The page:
So, as you sit down for your meal and sense that a cousin on one side of the family and an uncle on the other are about to start an intense conversation about something you’d really rather not get into at the dinner table, bring this up and steer the conversation towards saving money.

And once they start talking about it, you can get seconds on the pie.

Have a Happy Thanksgiving!

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Making PearBudget better for you (and how upgrading your browser will help!)

I’ll get into the meat of the post in a second, but the important takeaway is this: we want you to have the best internet experience possible (not just at PearBudget, but everywhere!). If you haven’t upgraded your browser in a while, we want to help you do that! Visit What Browser for an easy way to do it!

Hey, everybody! We’ve been a little quiet here on the blog lately.

No, scratch that. We’ve been very quiet here on the blog lately.

A bunch of reasons for that, but the most exciting one is that we’ve been re-building PearBudget from the ground-up. We get requests every day for various new features — like being able to group categories into custom collections (so all utilities could be together, or all “food” spending, and so on), or like tag auto-completion, or … well … we get a lot of requests.

We built the original version of PearBudget way back in 2007, and over the last 5 years, a few things have happened. I’ve gotten better at programming. We’ve gotten a better sense of your needs for budgeting. Technology itself has improved, meaning we can make PearBudget faster, prettier, and even more easier to use. All exciting stuff. But to do that, we basically needed to rebuild PearBudget.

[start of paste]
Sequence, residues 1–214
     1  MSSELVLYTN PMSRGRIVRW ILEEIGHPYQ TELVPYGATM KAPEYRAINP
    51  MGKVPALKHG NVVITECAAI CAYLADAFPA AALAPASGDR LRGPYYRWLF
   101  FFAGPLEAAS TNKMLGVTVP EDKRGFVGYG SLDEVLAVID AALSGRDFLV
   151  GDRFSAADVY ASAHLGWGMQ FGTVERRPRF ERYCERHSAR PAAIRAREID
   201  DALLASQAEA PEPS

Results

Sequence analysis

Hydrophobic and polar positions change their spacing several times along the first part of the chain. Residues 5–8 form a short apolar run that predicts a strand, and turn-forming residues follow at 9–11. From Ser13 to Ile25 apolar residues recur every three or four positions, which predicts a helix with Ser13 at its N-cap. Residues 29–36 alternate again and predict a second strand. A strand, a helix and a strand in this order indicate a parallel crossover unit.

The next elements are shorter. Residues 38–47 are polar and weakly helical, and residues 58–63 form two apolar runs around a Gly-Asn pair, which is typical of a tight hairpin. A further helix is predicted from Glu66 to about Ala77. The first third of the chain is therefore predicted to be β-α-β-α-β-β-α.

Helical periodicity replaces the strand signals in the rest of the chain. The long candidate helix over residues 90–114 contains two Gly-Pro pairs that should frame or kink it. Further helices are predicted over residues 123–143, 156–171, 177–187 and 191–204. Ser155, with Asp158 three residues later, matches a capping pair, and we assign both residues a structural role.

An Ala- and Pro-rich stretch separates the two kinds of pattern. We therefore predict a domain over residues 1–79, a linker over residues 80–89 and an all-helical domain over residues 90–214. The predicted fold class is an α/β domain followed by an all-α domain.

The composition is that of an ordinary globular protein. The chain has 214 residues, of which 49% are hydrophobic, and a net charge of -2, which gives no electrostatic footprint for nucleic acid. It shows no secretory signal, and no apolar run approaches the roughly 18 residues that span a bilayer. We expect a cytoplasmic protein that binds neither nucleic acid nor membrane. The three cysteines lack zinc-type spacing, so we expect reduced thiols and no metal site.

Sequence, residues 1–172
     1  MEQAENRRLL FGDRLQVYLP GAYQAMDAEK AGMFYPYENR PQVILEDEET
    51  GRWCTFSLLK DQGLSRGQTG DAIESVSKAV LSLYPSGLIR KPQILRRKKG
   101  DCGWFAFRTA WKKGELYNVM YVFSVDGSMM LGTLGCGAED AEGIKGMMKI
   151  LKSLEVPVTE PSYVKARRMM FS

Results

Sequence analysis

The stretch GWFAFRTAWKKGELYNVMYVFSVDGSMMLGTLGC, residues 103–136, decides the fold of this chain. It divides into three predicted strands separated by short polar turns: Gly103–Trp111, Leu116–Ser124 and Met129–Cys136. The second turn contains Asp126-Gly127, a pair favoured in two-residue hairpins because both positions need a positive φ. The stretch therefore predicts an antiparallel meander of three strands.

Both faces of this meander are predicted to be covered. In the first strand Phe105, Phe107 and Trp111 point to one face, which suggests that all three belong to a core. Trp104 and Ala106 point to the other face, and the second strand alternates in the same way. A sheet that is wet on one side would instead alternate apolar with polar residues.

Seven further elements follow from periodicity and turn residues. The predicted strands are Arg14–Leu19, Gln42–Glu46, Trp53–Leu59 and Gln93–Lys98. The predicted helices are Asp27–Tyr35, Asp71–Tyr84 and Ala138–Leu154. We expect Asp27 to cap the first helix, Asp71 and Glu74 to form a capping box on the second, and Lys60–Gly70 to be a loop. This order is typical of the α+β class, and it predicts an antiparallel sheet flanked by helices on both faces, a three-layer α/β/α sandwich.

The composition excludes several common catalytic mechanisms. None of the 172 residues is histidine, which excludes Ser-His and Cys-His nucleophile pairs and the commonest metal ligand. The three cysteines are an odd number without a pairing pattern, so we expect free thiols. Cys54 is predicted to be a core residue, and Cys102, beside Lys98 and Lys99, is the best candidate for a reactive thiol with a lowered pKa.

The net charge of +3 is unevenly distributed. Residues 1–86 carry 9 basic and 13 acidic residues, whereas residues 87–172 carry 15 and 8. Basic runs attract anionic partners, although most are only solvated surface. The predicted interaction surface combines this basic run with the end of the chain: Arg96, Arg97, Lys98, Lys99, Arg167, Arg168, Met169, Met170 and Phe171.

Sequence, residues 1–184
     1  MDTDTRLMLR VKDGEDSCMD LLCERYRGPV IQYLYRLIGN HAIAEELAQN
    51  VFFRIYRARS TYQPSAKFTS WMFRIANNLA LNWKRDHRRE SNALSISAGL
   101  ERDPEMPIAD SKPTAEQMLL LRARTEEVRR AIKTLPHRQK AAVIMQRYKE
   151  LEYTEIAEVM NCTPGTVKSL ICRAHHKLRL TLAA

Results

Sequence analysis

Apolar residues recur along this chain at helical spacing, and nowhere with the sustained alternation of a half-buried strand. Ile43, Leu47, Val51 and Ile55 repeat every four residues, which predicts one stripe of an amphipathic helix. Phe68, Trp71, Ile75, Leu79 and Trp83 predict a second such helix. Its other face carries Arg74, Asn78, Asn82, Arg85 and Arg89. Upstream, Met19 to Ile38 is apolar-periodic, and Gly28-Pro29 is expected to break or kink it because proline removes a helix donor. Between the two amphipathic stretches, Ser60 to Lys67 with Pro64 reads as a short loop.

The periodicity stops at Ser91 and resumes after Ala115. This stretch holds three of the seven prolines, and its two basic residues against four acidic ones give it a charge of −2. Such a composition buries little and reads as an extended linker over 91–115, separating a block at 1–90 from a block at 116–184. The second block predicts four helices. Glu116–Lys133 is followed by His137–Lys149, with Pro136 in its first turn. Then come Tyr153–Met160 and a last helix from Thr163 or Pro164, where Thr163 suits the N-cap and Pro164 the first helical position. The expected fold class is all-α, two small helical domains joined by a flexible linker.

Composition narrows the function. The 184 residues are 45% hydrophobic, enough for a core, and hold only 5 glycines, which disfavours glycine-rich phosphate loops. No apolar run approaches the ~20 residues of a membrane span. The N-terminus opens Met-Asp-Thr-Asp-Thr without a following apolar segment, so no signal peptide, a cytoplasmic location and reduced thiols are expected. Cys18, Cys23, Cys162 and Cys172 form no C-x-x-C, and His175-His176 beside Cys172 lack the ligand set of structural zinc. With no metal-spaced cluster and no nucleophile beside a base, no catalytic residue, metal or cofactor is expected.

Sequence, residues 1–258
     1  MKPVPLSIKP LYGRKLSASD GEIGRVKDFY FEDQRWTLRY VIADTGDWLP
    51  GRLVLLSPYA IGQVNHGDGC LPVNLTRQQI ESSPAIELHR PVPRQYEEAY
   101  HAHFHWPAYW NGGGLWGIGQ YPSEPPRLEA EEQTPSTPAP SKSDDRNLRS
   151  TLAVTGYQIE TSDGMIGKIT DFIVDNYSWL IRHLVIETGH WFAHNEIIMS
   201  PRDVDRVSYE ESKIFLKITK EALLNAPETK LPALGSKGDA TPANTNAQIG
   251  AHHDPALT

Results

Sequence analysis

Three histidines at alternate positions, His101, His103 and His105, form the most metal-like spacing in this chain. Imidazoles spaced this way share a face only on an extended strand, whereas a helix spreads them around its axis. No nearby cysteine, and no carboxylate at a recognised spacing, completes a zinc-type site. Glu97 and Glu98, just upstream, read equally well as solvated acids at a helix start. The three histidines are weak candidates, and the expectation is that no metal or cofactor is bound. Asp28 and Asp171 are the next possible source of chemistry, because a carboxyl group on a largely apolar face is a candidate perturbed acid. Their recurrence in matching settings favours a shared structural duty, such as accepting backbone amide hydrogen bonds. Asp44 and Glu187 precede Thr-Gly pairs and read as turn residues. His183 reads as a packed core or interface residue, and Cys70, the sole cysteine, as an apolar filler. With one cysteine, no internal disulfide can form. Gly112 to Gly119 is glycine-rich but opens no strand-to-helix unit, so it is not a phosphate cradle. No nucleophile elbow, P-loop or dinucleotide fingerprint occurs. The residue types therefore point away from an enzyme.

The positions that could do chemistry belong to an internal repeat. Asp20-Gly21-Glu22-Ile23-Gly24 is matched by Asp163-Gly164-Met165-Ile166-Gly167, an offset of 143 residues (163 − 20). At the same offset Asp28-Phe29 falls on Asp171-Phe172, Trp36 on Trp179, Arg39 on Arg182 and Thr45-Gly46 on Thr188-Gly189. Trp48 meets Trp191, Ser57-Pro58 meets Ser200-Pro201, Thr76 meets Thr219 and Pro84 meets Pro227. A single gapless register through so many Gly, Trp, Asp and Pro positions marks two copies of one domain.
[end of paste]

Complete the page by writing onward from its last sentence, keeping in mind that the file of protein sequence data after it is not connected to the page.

So for the last several months, I’ve been working on recreating PearBudget starting with a blank slate. My goal is that — at first — you won’t even notice. It should look and feel just like it does now (except maybe run a little faster). (If things don’t work the way you expect them to, that’s a problem!) Then, since the backend will be all-new, I’ll be able to roll out new features far more easily.


One of the important things to note about the new version of PearBudget is that you’ll need to have a relatively recent browser to use it. Google, for example, is phasing out support for old versions of Internet Explorer (version 8 and lower) starting tomorrow. We want you to be able to get online, though, and to use PearBudget! So we wanted to explain how to upgrade your browser.

First, though: what’s a browser? It’s the software you’re using to read this post! The most common ones are Google Chrome, Firefox, Safari, and Internet Explorer.

Here’s a screenshot of a tool (What Browser) that’ll tell you what browser you’re using. Note! This is just a picture I took from my system! Yours will show something different. Click on the image, though, and you’ll see your results!

You can see what browser you’re using here: If you aren’t using the most recent version of your browser, either upgrade, or click on one of the alternative browsers (I recommend Chrome! It’s the one with the red, yellow, and green circle icon). All browsers are free.

We’re still running some tests on the rebuilt version of PearBudget (e-mail me at if you want to try out the faster-but-otherwise identical PearBudget!), but we’re hoping to have it released soon. In the meantime, check to make sure you’re on a recent version of your browser so you can have a faster, prettier, and more secure time on the Internet!

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How to Refinance Your Home (over at Simple Mom)

I wrote a post over at SimpleMom on how to refinance your home.

If you can answer “yes” to the following questions …

  • Have you had your mortgage for less than 10 years?
  • Are you currently paying more than around 5.5% in interest?
  • Are you going to be in your house for more than two years?

… you should probably go check it out! Here it is: Refinancing A Mortgage, Simply